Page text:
define viewer as self or viewer from parent_folder

In the authorization model above, anne is a viewer of document:new-roadmap if any one of the following relationship tuple sets exists:

  • Anne is a viewer of the parent folder of the new-roadmap document
    [
    // planning folder is the parent folder of the new-roadmap document
    {
    "user": "folder:planning",
    "relation": "parent_folder",
    "object": "document:new-roadmap",
    },
    // anne is a viewer of the planning folder
    {
    "user": "anne",
    "relation": "viewer",
    "object": "folder:planning",
    },
    ]
  • Anne is a viewer of the new-roadmap document (direct relationship)
    [
    // anne is a viewer of the new-roadmap document
    {
    "user": "anne",
    "relation": "viewer",
    "object": "document:new-roadmap",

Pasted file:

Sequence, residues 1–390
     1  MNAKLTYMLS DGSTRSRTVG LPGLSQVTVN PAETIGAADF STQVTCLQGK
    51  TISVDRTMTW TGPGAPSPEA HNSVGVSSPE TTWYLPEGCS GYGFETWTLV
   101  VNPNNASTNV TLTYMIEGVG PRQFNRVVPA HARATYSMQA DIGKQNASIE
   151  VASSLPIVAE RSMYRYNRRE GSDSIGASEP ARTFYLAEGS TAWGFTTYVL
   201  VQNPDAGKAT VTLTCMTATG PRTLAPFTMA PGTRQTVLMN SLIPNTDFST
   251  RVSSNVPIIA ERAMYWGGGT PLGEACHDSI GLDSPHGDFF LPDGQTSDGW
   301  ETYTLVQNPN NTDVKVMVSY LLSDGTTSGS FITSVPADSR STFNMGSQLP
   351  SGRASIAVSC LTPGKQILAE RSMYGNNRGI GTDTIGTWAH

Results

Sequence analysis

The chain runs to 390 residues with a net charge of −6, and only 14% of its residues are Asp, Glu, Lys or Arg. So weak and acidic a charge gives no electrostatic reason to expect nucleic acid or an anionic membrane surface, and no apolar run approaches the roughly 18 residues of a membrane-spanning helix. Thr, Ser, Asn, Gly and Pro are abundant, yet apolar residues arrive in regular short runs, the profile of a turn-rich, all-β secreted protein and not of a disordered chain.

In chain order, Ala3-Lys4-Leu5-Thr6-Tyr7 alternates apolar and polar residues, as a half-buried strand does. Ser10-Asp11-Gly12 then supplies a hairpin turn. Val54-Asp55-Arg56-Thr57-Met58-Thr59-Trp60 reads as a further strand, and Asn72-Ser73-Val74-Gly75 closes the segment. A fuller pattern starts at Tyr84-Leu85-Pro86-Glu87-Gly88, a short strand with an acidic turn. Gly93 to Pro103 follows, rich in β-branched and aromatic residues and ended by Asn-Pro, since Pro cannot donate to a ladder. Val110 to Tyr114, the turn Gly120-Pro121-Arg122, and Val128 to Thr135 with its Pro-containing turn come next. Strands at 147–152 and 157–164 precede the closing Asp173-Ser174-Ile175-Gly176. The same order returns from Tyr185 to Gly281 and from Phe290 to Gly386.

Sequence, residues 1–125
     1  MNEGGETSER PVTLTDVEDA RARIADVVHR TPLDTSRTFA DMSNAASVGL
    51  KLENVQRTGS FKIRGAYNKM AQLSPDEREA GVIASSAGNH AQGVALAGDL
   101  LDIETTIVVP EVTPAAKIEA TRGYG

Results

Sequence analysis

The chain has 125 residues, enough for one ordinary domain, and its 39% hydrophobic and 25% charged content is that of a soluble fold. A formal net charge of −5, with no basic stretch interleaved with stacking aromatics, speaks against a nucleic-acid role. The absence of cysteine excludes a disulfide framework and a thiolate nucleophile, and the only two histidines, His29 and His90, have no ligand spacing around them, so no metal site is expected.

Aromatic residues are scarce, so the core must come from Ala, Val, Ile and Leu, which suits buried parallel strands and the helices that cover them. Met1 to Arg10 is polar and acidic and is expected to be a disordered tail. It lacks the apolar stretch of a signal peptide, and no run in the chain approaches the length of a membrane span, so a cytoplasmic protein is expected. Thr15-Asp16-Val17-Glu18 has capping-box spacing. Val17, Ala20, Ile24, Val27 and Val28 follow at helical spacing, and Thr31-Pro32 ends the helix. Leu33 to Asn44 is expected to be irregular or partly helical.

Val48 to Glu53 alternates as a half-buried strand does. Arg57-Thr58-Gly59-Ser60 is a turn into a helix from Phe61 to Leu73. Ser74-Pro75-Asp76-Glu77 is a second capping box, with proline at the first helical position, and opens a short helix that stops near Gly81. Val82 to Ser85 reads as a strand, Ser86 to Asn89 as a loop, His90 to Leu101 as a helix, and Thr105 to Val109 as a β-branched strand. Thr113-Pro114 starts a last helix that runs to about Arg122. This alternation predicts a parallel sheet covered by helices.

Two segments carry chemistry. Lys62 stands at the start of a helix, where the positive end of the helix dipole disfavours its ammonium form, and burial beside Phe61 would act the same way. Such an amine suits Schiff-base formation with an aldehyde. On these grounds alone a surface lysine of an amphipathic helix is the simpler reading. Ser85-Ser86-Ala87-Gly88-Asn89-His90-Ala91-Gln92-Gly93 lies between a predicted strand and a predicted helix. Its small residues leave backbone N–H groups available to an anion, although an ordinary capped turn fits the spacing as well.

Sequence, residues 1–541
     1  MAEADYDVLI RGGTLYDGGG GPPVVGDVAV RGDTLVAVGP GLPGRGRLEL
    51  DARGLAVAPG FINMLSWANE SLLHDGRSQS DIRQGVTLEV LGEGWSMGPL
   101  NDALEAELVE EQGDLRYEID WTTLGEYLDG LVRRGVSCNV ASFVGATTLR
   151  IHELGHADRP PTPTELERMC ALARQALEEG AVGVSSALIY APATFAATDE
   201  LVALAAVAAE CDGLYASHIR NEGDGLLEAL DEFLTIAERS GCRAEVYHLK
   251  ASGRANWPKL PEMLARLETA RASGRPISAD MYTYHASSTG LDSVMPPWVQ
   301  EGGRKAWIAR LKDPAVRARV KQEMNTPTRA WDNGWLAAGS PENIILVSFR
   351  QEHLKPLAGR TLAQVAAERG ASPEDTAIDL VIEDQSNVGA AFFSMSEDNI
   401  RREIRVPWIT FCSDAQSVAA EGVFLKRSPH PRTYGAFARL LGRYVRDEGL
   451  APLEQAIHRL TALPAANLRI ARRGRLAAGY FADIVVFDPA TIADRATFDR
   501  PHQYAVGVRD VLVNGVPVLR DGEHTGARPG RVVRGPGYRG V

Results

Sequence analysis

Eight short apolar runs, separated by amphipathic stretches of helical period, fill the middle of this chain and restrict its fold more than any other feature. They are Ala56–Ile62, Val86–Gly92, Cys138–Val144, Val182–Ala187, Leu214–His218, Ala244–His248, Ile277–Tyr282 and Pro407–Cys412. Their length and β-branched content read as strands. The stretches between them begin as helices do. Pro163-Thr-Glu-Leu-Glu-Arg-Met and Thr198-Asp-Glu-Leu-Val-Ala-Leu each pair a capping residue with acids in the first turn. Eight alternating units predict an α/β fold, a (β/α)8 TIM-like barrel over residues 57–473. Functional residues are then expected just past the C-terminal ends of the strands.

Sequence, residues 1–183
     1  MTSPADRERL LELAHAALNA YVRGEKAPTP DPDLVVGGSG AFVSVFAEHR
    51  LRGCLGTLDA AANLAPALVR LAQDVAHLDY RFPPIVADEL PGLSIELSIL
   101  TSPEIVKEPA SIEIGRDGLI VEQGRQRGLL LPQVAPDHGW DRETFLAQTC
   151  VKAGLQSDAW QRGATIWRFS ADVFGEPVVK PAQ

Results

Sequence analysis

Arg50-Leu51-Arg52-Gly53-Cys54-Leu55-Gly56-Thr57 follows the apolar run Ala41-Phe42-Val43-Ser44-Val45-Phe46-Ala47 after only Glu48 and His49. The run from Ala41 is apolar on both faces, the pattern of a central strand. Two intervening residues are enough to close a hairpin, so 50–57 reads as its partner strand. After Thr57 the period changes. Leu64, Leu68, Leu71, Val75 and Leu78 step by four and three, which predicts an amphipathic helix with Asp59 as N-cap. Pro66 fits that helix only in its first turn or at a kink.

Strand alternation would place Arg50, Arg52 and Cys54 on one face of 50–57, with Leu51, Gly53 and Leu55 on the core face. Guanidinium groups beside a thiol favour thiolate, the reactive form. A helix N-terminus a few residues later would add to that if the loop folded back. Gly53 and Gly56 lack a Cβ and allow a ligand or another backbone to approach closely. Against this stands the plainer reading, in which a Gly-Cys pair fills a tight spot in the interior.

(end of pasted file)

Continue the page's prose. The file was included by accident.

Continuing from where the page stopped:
},
    ]

This particular use of referencing relations on related objects is defining a transitive implied relationship. If user A is related to a certain object B as a viewer, and object B is related to object C as parent, then user A is related to object C as viewer.

This can be used to indicate that viewers of a folders are viewers of all documents in that folder.

For more examples, take look at Modeling: Parent-Child Objects, Advanced Modeling: Google Drive, Advanced Modeling: GitHub, and Advanced Modeling: Entitlements.

The Union Operator

The union operator (or in the DSL, union in the JSON syntax) is used to indicate that a relationship exists if the user is in any of the sets of users (union).

    define viewer as self or editor

In the type definition snippet above, anne is a viewer of document:new-roadmap if any of the following conditions are satisfied:

  • there exists a direct relationship with anne as editor of document:new-roadmap
    [
    {
    "user": "anne",
    "relation": "editor",
    "object": "document:new-roadmap",
    },
    ]
  • anne is a viewer of document:new-roadmap:
    [
    {
    "user": "anne",
    "relation": "viewer",
    "object": "document:new-roadmap",
    },
    ]
info

The above authorization model indicates that a user is related as a viewer if they are in any of: